The chromodielectric soliton model is Lorentz and chirally invariant. It has been demonstrated to exhibit dynamical chiral symmetry breaking and spatial confinement in the locally uniform approximation. We here study the full nonlocal quark self-energy in a color-dielectric medium modeled by a two-parameter Fermi function. Here color confinement is manifest. The self-energy thus obtained is used to calculate quark wave functions in the medium which, in turn, are used to calculate the nucleon and pion masses in the one-gluon-exchange approximation. The (...)
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  20. added 2015-03-08
    Elio Conte (2015). Additional Comments Added to Our Recent Answer to G. Ghirardi. Journal of Modern Physics 6 (1).
    Recently we published on International Journal of Theoretical Physics an answer to G. Ghirardi relating a paper published by this author in 1999. Since the argument is so complex and articulated, in the present paper we add further comments relating in particular the matter of the quantum collapse as we have elaborated it in our previous work using only Clifford algebra and thus reaching the basic result that it is a mechanism involving only information with a cybernetic collapse and retrocollapse (...)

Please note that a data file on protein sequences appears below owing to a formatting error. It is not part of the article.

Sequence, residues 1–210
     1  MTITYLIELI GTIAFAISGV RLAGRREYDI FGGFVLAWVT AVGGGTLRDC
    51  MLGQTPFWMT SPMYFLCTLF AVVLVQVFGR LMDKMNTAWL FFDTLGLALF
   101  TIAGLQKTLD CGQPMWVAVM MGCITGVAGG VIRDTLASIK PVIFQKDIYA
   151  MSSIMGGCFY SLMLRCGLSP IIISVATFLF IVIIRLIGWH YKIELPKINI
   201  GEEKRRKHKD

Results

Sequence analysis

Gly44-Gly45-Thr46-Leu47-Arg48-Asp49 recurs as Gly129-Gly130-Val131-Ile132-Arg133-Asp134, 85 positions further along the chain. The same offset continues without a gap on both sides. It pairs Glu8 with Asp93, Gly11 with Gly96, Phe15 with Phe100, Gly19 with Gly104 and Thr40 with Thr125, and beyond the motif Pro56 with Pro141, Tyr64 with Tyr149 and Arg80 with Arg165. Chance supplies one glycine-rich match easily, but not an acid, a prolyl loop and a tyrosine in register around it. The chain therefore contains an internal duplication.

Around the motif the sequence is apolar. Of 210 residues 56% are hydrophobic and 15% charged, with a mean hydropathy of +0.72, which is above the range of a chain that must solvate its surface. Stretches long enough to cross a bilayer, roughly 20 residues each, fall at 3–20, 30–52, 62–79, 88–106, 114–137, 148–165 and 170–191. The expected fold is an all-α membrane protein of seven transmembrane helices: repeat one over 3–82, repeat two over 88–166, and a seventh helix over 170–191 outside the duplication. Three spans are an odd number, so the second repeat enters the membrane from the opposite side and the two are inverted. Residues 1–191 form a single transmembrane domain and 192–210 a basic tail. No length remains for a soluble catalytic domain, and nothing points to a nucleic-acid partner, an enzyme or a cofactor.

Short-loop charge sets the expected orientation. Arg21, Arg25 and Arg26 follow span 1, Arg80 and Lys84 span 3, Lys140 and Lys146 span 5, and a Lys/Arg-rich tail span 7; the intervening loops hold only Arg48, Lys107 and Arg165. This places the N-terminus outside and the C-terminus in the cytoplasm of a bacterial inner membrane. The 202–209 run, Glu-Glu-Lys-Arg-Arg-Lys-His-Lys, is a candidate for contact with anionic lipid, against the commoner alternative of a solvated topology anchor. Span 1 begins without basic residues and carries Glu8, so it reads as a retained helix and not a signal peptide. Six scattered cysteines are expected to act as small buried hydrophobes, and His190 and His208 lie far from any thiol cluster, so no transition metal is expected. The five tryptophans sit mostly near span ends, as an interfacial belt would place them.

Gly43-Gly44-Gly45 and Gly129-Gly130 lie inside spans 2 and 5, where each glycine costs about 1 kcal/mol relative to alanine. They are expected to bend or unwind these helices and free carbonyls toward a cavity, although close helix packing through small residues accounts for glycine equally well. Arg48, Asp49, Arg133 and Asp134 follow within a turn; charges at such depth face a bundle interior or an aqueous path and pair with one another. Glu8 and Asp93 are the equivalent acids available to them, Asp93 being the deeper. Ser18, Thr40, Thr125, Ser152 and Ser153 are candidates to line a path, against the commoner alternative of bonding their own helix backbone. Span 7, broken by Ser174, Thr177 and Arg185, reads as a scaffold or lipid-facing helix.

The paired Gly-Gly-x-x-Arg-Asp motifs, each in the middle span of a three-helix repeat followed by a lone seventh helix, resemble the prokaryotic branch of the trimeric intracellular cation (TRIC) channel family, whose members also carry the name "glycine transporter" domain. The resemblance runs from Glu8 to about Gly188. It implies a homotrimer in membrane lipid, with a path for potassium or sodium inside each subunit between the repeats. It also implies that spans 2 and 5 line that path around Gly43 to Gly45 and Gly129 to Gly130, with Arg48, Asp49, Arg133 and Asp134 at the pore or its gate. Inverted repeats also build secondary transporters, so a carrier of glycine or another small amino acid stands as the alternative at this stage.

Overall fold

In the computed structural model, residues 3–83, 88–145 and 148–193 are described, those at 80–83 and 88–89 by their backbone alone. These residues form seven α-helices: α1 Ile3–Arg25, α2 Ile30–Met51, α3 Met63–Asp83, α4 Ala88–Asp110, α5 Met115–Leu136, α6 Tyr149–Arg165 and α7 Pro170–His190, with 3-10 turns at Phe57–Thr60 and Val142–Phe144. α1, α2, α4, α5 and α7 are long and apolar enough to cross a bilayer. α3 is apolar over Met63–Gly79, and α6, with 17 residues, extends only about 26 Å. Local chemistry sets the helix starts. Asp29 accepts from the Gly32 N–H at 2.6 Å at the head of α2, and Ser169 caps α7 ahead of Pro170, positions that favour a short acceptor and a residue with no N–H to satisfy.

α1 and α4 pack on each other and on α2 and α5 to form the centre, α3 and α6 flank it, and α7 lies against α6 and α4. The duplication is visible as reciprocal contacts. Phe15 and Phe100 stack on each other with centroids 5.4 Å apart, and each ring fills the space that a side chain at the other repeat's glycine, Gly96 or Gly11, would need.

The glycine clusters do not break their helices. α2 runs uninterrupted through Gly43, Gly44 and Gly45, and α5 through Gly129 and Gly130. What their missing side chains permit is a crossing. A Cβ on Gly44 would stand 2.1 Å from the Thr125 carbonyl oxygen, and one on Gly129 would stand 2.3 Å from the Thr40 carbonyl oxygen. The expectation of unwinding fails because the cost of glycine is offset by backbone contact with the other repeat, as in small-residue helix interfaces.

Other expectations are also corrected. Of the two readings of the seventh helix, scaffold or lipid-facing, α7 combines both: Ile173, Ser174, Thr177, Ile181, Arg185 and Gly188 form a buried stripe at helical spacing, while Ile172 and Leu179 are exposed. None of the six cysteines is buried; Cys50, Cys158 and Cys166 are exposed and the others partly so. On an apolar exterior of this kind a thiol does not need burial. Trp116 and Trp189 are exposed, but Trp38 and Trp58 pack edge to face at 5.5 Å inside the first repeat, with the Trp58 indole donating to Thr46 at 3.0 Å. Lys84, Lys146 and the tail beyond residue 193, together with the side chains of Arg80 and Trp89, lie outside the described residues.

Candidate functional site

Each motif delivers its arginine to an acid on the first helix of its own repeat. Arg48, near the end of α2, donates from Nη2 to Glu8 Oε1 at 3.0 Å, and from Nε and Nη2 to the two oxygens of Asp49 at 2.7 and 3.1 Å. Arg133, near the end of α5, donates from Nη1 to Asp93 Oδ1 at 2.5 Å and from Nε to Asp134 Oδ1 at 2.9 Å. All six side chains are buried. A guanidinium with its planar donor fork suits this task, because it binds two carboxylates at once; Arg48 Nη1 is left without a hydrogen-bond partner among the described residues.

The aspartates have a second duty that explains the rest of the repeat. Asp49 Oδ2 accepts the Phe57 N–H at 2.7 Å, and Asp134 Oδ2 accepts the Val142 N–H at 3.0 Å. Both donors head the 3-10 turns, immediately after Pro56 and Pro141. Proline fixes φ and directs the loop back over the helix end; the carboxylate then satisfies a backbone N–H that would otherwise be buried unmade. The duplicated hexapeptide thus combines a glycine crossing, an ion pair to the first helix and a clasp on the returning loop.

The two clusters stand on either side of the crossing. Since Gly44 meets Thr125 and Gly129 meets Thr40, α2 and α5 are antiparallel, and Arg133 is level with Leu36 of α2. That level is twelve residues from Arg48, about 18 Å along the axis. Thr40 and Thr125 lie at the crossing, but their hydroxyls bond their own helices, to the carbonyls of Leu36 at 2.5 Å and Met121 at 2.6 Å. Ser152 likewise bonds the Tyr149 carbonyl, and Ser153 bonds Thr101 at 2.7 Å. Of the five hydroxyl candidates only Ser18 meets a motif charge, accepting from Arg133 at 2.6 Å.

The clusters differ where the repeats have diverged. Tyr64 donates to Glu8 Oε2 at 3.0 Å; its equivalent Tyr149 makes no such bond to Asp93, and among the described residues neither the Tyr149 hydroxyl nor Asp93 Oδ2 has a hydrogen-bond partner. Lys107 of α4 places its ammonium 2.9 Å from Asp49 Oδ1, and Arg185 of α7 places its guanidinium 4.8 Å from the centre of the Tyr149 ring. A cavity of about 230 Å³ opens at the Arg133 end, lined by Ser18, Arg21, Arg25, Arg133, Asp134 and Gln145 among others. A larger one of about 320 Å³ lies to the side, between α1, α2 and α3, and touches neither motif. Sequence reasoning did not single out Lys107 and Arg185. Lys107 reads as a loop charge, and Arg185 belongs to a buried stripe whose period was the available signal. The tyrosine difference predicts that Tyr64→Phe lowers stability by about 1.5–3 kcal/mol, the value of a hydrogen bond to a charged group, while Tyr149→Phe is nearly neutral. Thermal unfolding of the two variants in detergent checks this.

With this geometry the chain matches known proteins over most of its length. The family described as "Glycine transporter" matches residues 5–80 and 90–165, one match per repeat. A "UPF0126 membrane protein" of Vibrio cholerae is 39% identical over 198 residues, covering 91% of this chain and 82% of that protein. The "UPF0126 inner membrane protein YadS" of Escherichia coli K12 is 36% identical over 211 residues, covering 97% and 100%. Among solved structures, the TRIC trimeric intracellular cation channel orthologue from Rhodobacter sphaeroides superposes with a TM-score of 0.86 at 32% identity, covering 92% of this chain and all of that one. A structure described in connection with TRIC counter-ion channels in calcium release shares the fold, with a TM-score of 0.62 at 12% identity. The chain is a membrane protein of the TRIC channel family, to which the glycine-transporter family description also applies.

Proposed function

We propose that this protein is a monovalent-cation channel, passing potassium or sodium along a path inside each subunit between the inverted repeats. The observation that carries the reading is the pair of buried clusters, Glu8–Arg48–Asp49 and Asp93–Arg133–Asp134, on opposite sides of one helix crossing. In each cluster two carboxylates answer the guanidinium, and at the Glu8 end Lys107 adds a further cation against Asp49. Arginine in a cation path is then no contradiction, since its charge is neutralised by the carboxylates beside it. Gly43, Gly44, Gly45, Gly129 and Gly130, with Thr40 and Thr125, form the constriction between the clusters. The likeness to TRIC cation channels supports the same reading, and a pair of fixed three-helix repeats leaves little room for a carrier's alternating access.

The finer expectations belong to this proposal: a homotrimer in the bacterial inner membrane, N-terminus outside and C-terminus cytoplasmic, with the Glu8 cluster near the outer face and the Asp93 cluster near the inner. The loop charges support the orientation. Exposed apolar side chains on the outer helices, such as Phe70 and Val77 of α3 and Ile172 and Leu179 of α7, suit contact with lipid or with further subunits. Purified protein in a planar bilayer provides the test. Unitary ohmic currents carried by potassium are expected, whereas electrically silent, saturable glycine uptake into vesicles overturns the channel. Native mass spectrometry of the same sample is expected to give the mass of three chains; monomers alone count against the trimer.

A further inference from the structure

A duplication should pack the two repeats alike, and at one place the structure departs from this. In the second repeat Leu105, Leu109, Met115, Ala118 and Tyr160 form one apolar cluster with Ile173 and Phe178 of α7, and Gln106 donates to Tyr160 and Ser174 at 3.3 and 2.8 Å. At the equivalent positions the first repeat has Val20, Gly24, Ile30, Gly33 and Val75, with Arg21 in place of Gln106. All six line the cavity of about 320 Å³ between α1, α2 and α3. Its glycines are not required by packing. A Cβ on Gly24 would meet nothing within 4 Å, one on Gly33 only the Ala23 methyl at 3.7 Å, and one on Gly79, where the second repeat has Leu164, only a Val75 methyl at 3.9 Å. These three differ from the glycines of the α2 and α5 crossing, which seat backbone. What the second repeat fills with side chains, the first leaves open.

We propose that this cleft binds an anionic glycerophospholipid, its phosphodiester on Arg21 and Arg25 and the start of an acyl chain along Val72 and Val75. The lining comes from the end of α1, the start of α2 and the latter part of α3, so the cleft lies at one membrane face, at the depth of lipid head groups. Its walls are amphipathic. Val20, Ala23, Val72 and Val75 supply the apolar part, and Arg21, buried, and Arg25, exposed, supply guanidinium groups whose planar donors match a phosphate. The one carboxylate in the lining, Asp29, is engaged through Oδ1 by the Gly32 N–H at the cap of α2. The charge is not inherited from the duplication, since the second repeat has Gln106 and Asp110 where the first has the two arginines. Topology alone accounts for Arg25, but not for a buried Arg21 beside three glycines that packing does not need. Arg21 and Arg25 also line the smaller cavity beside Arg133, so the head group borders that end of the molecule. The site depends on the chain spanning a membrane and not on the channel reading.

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  21. added 2015-02-28
    A. Danchin (ed.) (1987). Order and Necessity. Elsevier Sciences Publishers.
    Because this lecture was a tribute to the contribution of Monod to science it focused on his views, without discussing the work of others who contributed to his achievements. In particular, because Monod was implicitly a platonician/pythagorean (with his emphasis on the importance of beauty in things), he thought that symmetry had to be introduced in the concept of allostery. In fact this was an extra feature that was absent from the original work of Jean-Pierre Changeux on the enzyme threonine (...)